I’m not sure if it’s me or my plants that are confused. They probably know exactly what they’re doing. That long warm spell at the beginning of January stimulated many of my plants to start growing early. Then the rain and cold arrived. What’s a gardener to do when the roses, fuchsias and many other plants never really became dormant this year? Here are some February tasks that I’m going to be doing.
Cut back woody shrubs to stimulate lush new growth. Trim plants like Mexican bush sage and artemisia to within a few inches of the ground. Don’t use this approach on lavender rosemary or ceanothus, though. Lightly prune those after blooming later in the season. If you cut back to the bare wood inside these plants you might lose the whole thing.
Prune fuchsias back by a third and remove dead, crossing branches and interior twiggy growth. Container fuchsias can be cut back to the pot rim. Do this right away if you haven’t already done so. A plant is wasting energy on new growth if it’s trimmed off later.
Cut back hydrangeas stems that bloomed last year and apply a soil acidifier, if you want the flowers blue. Although aluminum sulfate is the traditional favorite for quickly acidifying soil it’s not as kind to beneficial soil microorganisms. Coffee grounds, pine needles, peat moss and cottonseed meal are better for your soil.
Don’t prune spring flowering shrubs like lilac, weigela, spirea or flowering trees such as cherry, plum and crabapple now. These and evergreens like rhododendrons, azaleas and camellias should be pruned after they flower. You can cut some branches while they are blooming to bring into the house for bouquets.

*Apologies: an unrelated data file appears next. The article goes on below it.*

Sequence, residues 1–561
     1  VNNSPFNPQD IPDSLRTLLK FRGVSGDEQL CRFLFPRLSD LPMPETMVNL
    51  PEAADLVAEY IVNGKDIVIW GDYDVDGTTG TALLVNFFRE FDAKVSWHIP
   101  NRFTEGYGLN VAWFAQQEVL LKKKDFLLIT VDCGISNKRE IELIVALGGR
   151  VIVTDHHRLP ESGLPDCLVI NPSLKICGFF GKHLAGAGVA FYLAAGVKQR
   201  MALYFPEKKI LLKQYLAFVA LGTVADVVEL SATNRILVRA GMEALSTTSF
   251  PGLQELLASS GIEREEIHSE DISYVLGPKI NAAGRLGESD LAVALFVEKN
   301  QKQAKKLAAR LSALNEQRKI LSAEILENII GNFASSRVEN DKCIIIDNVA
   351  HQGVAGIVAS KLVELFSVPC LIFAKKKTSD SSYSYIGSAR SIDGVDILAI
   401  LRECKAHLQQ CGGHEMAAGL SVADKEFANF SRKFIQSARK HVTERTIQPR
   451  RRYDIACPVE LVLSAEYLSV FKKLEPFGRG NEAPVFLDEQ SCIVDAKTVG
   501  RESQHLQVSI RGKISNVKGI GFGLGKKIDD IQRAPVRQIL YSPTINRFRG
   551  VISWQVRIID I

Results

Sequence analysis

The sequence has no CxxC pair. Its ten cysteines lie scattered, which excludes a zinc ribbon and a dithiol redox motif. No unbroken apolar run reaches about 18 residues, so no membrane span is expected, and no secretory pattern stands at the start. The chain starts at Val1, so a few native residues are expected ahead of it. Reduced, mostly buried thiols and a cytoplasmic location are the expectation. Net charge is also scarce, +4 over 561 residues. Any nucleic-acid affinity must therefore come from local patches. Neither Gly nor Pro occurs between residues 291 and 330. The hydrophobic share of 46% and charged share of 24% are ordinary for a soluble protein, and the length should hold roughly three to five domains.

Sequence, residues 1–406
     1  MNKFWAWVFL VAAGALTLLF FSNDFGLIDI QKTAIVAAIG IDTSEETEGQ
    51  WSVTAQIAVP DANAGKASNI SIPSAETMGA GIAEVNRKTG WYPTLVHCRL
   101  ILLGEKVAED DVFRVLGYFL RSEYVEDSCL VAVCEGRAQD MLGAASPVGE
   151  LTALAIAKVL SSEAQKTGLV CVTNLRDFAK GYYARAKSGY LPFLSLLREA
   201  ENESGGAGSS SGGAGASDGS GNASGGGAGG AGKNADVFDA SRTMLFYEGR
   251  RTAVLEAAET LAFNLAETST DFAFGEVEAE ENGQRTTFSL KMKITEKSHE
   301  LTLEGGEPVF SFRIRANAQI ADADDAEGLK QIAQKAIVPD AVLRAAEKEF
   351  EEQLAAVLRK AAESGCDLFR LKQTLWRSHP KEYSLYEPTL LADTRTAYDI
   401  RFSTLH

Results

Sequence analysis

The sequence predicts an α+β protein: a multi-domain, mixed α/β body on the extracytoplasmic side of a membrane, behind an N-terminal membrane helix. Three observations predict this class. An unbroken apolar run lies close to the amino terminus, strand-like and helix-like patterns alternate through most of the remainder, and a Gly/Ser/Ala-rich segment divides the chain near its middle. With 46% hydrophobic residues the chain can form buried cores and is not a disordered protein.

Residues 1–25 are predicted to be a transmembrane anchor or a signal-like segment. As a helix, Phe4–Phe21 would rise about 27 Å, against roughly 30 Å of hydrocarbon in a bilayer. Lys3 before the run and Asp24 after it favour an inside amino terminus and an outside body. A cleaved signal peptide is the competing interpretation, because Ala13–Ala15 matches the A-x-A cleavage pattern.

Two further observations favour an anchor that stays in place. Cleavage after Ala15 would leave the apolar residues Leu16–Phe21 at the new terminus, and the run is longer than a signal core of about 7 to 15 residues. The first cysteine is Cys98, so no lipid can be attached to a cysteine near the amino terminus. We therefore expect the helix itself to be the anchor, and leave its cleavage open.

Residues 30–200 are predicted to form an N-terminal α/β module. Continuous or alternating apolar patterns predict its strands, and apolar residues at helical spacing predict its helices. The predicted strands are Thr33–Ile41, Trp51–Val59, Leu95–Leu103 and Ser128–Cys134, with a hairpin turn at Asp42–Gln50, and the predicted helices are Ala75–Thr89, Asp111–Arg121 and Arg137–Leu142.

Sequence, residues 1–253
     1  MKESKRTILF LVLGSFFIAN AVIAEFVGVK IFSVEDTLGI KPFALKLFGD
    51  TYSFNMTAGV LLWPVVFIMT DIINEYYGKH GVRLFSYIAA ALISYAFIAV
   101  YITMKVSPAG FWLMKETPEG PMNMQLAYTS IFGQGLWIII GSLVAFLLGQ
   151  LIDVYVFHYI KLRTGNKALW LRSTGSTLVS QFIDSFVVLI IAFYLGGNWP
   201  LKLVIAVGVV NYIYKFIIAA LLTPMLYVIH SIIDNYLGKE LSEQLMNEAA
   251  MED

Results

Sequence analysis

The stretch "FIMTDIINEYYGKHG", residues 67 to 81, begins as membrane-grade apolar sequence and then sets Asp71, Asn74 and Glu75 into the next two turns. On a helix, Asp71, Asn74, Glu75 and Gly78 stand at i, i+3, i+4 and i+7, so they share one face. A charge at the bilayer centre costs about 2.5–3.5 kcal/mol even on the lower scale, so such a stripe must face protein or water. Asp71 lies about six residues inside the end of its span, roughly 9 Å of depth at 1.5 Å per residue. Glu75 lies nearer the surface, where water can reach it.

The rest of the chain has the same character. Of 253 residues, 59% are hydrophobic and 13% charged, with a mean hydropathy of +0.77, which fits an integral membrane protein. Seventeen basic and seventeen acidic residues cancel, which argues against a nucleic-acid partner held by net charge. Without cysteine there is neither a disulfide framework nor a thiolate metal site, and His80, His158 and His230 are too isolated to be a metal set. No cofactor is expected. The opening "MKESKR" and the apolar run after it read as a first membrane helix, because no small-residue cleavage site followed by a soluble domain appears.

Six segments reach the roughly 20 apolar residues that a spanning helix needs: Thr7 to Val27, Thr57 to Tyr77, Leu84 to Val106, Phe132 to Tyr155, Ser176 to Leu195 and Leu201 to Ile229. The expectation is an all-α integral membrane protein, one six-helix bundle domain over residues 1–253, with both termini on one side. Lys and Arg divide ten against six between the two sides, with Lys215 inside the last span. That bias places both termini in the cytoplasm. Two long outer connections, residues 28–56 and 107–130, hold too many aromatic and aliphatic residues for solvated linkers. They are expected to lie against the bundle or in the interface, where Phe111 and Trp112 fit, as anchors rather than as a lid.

Even if you have pruned your roses be sure to remove old leaves still clinging to the plant even if the leaves look okay now. They will most likely develop fungal spots and diseases later if you don’t. Rake up any debris beneath the plant and discard to eliminate overwintering fungus spores
Roses are super forgiving and you can trim them up again using the following guidelines. The goal is to produce lots of roses not just a few of exhibition size. Aim for a vase-shaped bush with an open center.
Prune old garden roses that bloom once in the spring after flowering. Climbing roses require little pruning. Cut out extra stems if there are too many and also cut back long established canes to about the place where they are slightly thicker than a pencil. Then cut each side stem down to several inches. This will cause the cane to flower along its complete length for a beautiful spring display.
Wait to prune back perennials that may have their new foliage damaged in a late frost. Same goes for shrubs that might have gotten hit by frost. That damaged foliage can protect the plant from further frost damage. Mid-March is the estimated date of hard frost in our area or at least it used to be. We gardeners are always betting Mother Nature will go our way and our efforts will not have gone in vain.
Prune fruit, nut, shade trees and deciduous vines like clematis.
Cut back ornamental grasses if you live where you rarely get frost. When I grew pruning California fuchsia, salvia ‘Bee’s Bliss’ and hummingbird sage I’d prune now to encourage new, compact growth.
And remember to enjoy your time in the garden. It’s only work if you think of it that way.